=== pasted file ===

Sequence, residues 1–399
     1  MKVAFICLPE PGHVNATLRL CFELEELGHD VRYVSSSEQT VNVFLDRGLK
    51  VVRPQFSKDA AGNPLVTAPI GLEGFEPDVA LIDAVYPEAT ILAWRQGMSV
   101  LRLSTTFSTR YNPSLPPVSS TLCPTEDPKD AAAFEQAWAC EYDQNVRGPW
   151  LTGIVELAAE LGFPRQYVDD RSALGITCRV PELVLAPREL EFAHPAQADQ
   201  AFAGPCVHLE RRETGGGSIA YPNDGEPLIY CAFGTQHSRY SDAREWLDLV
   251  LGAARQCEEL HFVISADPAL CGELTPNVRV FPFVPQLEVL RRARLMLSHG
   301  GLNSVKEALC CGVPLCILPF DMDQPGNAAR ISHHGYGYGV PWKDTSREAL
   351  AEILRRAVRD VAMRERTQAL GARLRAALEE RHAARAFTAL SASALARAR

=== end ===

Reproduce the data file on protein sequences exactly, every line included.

Sequence, residues 1–399
     1  MKVAFICLPE PGHVNATLRL CFELEELGHD VRYVSSSEQT VNVFLDRGLK
    51  VVRPQFSKDA AGNPLVTAPI GLEGFEPDVA LIDAVYPEAT ILAWRQGMSV
   101  LRLSTTFSTR YNPSLPPVSS TLCPTEDPKD AAAFEQAWAC EYDQNVRGPW
   151  LTGIVELAAE LGFPRQYVDD RSALGITCRV PELVLAPREL EFAHPAQADQ
   201  AFAGPCVHLE RRETGGGSIA YPNDGEPLIY CAFGTQHSRY SDAREWLDLV
   251  LGAARQCEEL HFVISADPAL CGELTPNVRV FPFVPQLEVL RRARLMLSHG
   301  GLNSVKEALC CGVPLCILPF DMDQPGNAAR ISHHGYGYGV PWKDTSREAL
   351  AEILRRAVRD VAMRERTQAL GARLRAALEE RHAARAFTAL SASALARAR